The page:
Brief history

For a number of years there has been some debate over the future of the Land Registry and whether or not it will follow other Government departments into private ownership. This month the Land Registry was granted a reprieve as the privatisation plan failed to make it into the Neighbourhood Planning and Infrastructure Bill.

We, as Real Estate solicitors, rely daily on the Land Registry and whilst its long term future remains unresolved we thought it would be useful to give a little background in to the history of the Land Registry, its functions and some interesting facts.


The Land Registry was originally created in 1862 and was tasked with keeping a register of the ownership of land and property in England and Wales (but not Scotland where there is an equivalent public body called Registers of Scotland).

Originally based at Lincoln’s Inn Fields, London the Land Registry initially dealt with voluntary registrations only and it was not until 1897 that the idea of compulsory registration was brought to the fore in the Land Transfer Act 1897. However, it took many years and advances in technology until the compulsory registration was finally brought in across the whole of England and Wales in 1990.

For many years the Land Registry’s records were not open for public inspection and the title registers and plans were produced by hand. In 1986 the Plymouth office of the Land Registry began producing computerised title registers and plans and in 1990 the records were made available for public inspection for the first time. Today, the Land Registry operates out of 14 offices and employs some 4,500 people. The running costs are covered by the fees paid by users of the Land Registry’s services.


The Land Registry’s mission statement is to:

  • provide a reliable record of information about ownership of and interests affecting land and property, and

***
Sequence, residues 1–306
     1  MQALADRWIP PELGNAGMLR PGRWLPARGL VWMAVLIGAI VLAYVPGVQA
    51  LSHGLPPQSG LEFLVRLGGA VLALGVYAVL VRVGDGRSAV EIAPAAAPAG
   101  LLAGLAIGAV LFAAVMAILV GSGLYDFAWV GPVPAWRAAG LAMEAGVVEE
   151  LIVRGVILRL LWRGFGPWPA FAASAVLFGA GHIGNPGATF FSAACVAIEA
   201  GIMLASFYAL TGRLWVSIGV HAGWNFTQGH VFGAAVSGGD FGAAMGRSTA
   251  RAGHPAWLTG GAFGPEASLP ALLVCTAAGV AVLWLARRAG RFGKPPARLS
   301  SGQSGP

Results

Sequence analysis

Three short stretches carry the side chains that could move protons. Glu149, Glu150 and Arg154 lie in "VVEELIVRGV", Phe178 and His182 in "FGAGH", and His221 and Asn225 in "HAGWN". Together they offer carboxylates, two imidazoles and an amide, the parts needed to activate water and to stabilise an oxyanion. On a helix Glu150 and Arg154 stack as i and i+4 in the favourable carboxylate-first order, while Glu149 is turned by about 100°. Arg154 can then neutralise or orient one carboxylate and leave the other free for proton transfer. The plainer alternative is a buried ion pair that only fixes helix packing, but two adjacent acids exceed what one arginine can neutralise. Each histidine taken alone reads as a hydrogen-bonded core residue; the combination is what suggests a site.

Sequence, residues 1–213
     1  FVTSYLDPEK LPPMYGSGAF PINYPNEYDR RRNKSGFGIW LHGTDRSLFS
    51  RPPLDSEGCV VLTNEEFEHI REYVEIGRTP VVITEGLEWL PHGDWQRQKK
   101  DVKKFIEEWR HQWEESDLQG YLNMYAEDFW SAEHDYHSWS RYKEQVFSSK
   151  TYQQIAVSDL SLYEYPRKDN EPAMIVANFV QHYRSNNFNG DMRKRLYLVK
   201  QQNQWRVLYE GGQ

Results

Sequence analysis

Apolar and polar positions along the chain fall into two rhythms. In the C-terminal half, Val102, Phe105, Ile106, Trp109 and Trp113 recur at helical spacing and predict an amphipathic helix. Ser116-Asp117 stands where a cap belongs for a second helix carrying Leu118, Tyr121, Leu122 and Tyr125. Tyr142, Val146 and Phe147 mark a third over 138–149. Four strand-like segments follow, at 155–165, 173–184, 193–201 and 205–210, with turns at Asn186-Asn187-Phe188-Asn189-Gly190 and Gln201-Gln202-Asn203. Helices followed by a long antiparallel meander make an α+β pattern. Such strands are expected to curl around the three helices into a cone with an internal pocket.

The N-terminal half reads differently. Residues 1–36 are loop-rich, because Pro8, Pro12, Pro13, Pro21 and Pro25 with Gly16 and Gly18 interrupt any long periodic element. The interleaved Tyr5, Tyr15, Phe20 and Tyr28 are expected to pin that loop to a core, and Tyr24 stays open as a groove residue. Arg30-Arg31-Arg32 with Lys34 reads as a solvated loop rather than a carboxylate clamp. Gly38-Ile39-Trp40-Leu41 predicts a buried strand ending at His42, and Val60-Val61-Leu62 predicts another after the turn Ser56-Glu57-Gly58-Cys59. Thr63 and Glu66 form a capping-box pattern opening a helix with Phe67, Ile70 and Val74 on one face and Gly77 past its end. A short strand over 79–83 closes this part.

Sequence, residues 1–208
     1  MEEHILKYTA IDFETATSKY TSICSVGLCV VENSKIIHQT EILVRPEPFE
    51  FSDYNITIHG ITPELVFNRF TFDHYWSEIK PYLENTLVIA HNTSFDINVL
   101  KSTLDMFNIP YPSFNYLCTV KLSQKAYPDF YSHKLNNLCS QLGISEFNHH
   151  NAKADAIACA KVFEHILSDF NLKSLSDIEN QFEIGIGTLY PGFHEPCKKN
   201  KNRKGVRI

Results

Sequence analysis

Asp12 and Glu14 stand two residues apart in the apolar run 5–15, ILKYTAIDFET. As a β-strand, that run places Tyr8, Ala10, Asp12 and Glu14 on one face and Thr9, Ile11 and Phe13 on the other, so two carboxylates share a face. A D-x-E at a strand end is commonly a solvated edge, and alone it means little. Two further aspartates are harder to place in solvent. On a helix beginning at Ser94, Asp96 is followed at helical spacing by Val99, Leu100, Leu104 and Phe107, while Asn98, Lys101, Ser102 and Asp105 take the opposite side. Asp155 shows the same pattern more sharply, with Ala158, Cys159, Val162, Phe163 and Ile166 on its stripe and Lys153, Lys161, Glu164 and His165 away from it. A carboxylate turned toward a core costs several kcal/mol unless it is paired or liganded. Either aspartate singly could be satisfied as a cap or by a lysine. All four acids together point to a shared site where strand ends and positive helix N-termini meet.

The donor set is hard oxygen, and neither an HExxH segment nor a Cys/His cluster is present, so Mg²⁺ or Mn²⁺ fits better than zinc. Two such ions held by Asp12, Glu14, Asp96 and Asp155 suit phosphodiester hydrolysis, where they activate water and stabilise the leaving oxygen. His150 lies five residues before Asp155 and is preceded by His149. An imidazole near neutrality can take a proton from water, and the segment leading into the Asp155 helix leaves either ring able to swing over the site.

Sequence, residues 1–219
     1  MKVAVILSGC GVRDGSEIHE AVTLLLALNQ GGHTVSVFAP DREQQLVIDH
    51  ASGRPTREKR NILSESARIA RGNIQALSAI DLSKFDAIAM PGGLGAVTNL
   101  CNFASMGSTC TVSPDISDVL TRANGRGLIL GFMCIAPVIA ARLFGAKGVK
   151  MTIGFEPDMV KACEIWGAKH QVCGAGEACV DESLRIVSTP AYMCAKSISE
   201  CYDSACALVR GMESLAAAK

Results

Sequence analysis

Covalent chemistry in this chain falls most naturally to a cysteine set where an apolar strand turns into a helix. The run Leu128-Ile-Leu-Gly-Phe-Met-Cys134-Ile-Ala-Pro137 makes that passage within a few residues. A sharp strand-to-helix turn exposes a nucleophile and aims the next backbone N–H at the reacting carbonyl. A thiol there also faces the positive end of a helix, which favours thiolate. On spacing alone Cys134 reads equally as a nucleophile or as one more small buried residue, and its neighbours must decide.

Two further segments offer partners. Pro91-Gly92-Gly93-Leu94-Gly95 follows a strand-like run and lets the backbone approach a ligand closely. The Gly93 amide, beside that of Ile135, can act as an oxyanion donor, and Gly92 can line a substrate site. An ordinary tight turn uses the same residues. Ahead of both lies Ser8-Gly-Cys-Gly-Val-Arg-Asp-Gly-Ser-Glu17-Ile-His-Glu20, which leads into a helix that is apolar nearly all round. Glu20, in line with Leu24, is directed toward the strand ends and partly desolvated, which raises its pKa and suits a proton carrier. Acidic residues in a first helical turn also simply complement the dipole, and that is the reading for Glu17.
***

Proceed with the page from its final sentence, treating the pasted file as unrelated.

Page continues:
• provide owners with a land title, guaranteed by the Government.

This statement is based on the three principles laid down by a previous Chief Land Registrar, Theodore Ruoff, being:

  • the Mirror principle — the title register should reflect a complete and accurate record of the facts
  • the Curtain principle — the title register should be the sole and definitive source of information for proposed purchasers, but should not reveal sensitive information
  • the Insurance principle — the Land Registry will indemnify anyone who suffers a loss as a result of a defective title register.

The Land Registry serves primarily as a registration service to allow purchasers or others with a land interest to ensure that their interest is registered and protected on the relevant title registers.

However, the Land Registry also serves as an information service providing guidance to individuals and professional alike. It produces and updates some 77 Practice Guides covering everything from basic registrations of documents to statutory declarations and Islamic Finance. The Land Registry also provides market data which is relied on by the Government, investors and lenders.

As solicitors there is seldom a week that goes by where we do not need to refer to the Practice Guides or speak to our allocated team at the Land Registry for advice and assistance.


  1. The value of land registered at the Land Registry exceeds £4 trillion
  2. There are in excess of 24 million distinct titles registered at the Land Registry
  3. More than 88% of the land mass in England and Wales is now registered at the Land Registry, and
  4. At the height of the market in 2007, £1 million worth of property was processed by the Land Registry every minute.

This post was edited by Richard Tindall. For more information, email

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This blog is intended only as a synopsis of certain recent developments. If any matter referred to in this blog is sought to be relied upon, further advice should be obtained.